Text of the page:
Public reporting needed to address gender pay gap

Public reporting needed to address gender pay gap

June 30, 2016

The Human Rights Commission’s Tracking Equality at Work tool, which has been recently updated with 2015 data, illustrates the urgent need for public reporting on gender pay gaps. 

The web-based interactive tool, which makes it possible to track progress towards equality, shows that across both the broader labour market and the public service, men are paid more than women – the difference being particularly stark for Pacific and Māori women.   

Equal Employment Opportunities Commissioner Dr Jackie Blue says measuring and publicly reporting on gender pay gaps in both the public and private sector is vital to helping businesses benchmark progress by understanding and addressing the factors that create the gap. 

“Similar to the UK, New Zealand should enact legislation where companies with more than 250 workers have to publicly report on their gender pay gap and bonus gap.

“I would also like to see the ethnicity make-up of State sector and NZX Boards reported. 

“Much like the gender data, what we measure, we can manage.  Our boards and senior management teams should reflect our rapidly changing demographics and we and should be supporting New Zealanders of all ethnic backgrounds into senior management roles and board positions,” Dr Blue Says.  

The data shows: 

  • the percentage of women in senior management in the public service has risen from 39.6% in 2011 to 44.2% in 2015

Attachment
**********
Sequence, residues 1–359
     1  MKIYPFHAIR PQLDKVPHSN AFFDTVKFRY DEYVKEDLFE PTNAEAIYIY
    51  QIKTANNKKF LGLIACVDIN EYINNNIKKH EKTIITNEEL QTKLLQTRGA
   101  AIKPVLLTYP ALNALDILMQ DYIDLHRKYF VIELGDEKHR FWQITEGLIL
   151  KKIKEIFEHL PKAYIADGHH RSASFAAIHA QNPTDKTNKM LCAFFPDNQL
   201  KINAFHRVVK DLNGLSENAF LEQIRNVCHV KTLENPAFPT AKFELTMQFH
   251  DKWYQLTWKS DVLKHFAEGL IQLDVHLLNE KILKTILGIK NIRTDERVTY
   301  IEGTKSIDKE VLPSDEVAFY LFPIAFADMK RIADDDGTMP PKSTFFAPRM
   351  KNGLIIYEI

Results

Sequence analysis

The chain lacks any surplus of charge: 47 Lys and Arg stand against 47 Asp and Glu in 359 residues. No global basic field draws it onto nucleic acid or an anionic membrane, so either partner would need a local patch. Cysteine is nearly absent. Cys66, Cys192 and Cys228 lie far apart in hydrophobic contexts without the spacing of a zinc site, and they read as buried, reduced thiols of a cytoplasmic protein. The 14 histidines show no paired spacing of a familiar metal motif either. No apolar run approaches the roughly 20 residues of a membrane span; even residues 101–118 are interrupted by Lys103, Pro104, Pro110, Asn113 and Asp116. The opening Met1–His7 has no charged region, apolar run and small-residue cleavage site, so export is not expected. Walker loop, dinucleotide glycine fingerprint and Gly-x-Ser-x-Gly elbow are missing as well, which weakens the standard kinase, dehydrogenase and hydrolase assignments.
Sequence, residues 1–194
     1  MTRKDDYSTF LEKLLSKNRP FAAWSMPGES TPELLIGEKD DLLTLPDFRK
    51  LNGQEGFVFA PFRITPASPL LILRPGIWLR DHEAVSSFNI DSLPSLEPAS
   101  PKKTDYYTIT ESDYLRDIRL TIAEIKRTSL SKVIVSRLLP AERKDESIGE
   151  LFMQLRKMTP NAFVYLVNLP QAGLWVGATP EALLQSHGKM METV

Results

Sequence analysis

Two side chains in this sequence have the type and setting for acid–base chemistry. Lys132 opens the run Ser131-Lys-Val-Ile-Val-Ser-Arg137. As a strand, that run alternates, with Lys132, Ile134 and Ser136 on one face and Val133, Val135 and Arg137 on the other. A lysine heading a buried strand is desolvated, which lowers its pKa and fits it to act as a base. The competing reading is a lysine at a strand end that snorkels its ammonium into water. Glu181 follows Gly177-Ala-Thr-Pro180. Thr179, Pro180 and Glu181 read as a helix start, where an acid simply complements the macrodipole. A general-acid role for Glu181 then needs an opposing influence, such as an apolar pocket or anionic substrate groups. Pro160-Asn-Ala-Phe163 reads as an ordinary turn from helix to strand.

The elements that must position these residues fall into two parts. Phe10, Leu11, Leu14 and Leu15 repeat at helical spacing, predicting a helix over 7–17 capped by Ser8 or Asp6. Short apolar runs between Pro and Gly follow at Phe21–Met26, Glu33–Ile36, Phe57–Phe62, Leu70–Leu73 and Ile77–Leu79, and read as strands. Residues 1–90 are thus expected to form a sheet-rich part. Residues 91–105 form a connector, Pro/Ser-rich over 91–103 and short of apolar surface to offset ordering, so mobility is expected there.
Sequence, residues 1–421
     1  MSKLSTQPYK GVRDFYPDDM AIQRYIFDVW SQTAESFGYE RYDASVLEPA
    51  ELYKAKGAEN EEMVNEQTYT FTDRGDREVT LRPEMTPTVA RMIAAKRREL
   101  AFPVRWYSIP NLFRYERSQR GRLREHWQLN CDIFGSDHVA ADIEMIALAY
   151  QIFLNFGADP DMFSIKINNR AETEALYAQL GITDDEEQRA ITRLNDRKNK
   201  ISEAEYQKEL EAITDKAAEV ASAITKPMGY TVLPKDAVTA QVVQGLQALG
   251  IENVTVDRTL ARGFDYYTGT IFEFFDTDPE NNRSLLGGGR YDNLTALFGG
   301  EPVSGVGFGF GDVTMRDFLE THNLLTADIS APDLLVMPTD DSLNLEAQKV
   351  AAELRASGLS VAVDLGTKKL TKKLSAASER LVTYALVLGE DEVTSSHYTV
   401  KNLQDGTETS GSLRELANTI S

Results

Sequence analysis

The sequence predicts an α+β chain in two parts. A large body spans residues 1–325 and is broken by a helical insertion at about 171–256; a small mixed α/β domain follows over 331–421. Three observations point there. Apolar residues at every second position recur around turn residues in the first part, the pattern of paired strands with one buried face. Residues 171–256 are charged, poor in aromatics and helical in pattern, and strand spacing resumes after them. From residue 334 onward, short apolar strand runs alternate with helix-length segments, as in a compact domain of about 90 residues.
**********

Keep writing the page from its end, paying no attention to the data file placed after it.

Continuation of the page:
• there has been a sharp decline in the percentage of women in senior management roles in the private sector from 31% in 2014 to 19% in 2015. 
  • the percentage of women on both state sector and private sector boards has increased from 41.7% in 2014 to 43.4% in 2015 and 14% in 2014 to 17% in 2015 respectively. 

“We must now be aiming for 50% women on State Sector Boards and 30% of women on NZX Boards. The spotlight is also on women on private sector senior management teams which appears to have stalled at around 20%.

“Supporting women of all ethnicities into decision making roles is the best way we can also ensure future equality and diversity in senior management teams and boardroom,” Dr Blue says. 

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Human Rights Commission

The Commission works for a free, fair, safe and just New Zealand, where diversity is valued and human dignity and rights are respected.